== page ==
By Jeff Berman, Group News Editor · October 7, 2020
The “2020 Annual Consumer Survey,” which was issued this week by Austin, Texas-based Convey, a provider of delivery experience management software that helps shippers connect disparate data and processes from parcel to freight in the last mile, highlighted myriad key findings related to how holiday shoppers feel about the uncertainty retailers are up against this year and their subsequent impact on delivery expectations.
Findings for the survey were based on feedback from 1,600 United States-based consumers. The wide-ranging survey is the fourth one Convey has released, going back to 2017, and its findings can be viewed, as it was conducted and released over the course of the ongoing COVID-19 pandemic, which Convey said has created a whole new set of challenges for retailers to win customers and also meet seasonal demands amid a global pandemic.
Not surprisingly, a major focus of the survey pertained to global e-commerce bellwether Amazon, with 61% of respondents indicating it is the number one choice for holiday shopping. But it was not all positive, with 31% saying Amazon has a negative impact on retail, representing an increase from 24% saying the same in January 2020. What’s more, for the shoppers stating they have a negative opinion of Amazon, almost half of respondents—46%—stated they still plan to shop there for this year’s holiday season.
In an interview, Kirsten Newbold-Knipp, Chief Growth Officer at Convey, explained that Convey thinks there are several reasons for the growing negative sentiment around Amazon, including their harmful impact on the environment and local retailers.
“While this particular survey didn’t ask consumers directly about their reason for citing negative sentiment, another survey we conducted in January of this year found that 27% of respondents feel very or somewhat negative about Amazon’s impact on the environment, and this is even higher among younger shoppers where 1 in 3 (35%) felt negatively about Amazon’s environmental footprint,” she said. “Many of us have experienced Amazon’s tendency to ship items separately or use excessive packaging, and that’s clearly a concern for many shoppers. We also found that following COVID, the majority of shoppers (87%) say they want to support smaller retailers who have been impacted by store closings due to the pandemic.”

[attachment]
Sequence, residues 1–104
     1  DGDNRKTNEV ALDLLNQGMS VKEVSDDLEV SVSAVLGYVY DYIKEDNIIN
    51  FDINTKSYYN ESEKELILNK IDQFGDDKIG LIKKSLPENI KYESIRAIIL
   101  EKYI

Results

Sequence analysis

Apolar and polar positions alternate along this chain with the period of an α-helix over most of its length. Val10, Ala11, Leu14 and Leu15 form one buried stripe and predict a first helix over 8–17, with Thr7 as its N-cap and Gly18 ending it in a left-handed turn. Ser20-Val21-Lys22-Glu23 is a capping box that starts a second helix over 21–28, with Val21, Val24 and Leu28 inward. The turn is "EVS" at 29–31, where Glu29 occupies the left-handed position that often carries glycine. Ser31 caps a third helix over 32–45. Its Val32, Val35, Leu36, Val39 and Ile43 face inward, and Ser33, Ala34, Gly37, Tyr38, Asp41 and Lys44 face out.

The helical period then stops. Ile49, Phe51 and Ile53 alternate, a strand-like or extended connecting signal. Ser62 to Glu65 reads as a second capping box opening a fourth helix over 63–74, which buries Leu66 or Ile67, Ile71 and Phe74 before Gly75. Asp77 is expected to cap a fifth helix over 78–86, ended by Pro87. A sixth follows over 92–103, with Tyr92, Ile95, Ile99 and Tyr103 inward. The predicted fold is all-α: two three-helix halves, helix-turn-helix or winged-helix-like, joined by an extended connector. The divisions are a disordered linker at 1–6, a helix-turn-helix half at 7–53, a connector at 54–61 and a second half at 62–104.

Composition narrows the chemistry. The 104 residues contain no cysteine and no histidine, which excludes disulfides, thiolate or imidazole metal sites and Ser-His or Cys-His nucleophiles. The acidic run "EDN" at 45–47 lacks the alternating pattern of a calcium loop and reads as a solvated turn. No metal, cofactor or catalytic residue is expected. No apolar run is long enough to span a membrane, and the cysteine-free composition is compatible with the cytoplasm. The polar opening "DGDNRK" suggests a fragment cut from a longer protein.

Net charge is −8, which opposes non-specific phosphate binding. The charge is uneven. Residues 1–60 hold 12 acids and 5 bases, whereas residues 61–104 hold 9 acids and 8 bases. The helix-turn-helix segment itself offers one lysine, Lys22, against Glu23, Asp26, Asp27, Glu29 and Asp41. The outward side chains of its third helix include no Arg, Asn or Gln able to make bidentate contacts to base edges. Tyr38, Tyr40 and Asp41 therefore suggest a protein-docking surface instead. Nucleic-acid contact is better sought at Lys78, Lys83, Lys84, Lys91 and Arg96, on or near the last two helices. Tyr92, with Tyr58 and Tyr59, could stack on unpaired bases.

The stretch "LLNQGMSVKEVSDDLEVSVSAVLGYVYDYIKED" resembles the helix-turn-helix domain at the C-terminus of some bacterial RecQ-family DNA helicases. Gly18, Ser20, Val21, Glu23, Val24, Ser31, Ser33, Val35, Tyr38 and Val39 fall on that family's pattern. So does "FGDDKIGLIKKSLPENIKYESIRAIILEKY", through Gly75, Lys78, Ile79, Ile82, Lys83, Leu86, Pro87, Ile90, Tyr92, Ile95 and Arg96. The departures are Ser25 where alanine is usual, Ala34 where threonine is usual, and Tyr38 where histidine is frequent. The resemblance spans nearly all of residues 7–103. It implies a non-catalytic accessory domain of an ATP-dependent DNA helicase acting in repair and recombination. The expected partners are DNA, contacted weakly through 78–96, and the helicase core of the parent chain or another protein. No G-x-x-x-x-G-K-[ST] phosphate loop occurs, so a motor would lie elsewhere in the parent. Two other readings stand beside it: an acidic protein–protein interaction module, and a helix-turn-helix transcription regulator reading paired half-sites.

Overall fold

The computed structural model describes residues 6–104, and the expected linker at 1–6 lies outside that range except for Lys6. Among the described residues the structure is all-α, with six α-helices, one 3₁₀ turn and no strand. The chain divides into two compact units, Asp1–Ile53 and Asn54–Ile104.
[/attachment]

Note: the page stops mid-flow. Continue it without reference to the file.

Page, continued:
Retailers’ shipping policies again were a major theme in the survey, with 89% of respondents stating that on-time delivery is important to the overall online shopping experience, marking an improvement over the reported 84% from last year’s survey.
Other shipping-focused takeaways focused on the top three concerns of holiday shipping, including: 42% are worried a package will be late; 17% are worried the package will be stolen from the porch; and 16% worry the price of shipping is too high.
And free shipping was, once again, was highlighted as a core data point, with 44% of shoppers saying free shipping was the most important delivery service, followed by free shipping on returns, at 18%, and the ability to track packages en route, at 14%.
While consumers continue to expect free shipping and returns, some parcel express experts maintain that the days of free shipping will be expiring sooner than later. When asked how both retailers and delivery providers can still maintain customer satisfaction, if free shipping eventually is not free, Newbold-Knipp said it will be a huge challenge for retailers to maintain customer satisfaction if shipping isn’t free.
“As long as Amazon and other large retailers continue to offer free shipping, often by subsidizing those costs, it will be difficult to change consumer expectations broadly,” she said. “However, retailers who are not able to offer free shipping instead need to provide options that ensure fast and reliable delivery promises pre-purchase and be prepared to proactively offer appeasements, like refunded shipping costs, if they do not meet those expectations. The minute a shopper is paying for shipping they expect delivery to go as planned or to be compensated for it. Shoppers are obviously more forgiving of shipping snafus and longer shipping timelines when they aren’t paying for it.
One bright spot for retailers this holiday she highlighted is that even though shoppers expect free shipping, the Convey survey found that nearly 9 in 10 shoppers (89%) are willing to give retailers extra time to deliver packages this holiday season, with three quarters (74%) willing to grant sellers one to four extra days, while 16% are willing to wait five or more additional days for delivery.
“This gives retailers some much needed breathing room as they head into the holidays,” she said.
A new question added to this year’s survey, which Convey intends to track in the coming years, focused on if a retailer should be blamed if a package is late, with 19% of respondents indicating that the retailer should, in fact, be blamed.
“I think regardless of where blame gets placed, consumers are more demanding of clear expectations around delivery times and timely updates,” she said. “For better or worse, the onus is on the retailer to make sure the customer has transparency—ultimately it’s the retailer who gets a call when a shopper needs to know where her package is, and if the retailer can’t provide a better answer than the shopper can get, it’s bound to leave the consumer frustrated and unsatisfied. And the stakes are high: 9 in 10 shoppers (89%) say that on-time delivery is important to overall online shopping experience, and 7 in 10 (68%) say they won’t shop with a brand again after a poor delivery experience.”
October 7, 2020